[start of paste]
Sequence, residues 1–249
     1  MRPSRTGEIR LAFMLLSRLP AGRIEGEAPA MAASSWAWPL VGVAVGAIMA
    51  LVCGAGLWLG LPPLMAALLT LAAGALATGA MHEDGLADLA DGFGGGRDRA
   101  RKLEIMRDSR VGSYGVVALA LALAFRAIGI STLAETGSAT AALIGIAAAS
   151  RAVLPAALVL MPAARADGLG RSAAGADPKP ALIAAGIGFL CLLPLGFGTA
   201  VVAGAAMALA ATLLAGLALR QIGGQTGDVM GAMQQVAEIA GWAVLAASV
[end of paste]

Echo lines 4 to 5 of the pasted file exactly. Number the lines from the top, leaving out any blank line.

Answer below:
   101  RKLEIMRDSR VGSYGVVALA LALAFRAIGI STLAETGSAT AALIGIAAAS
   151  RAVLPAALVL MPAARADGLG RSAAGADPKP ALIAAGIGFL CLLPLGFGTA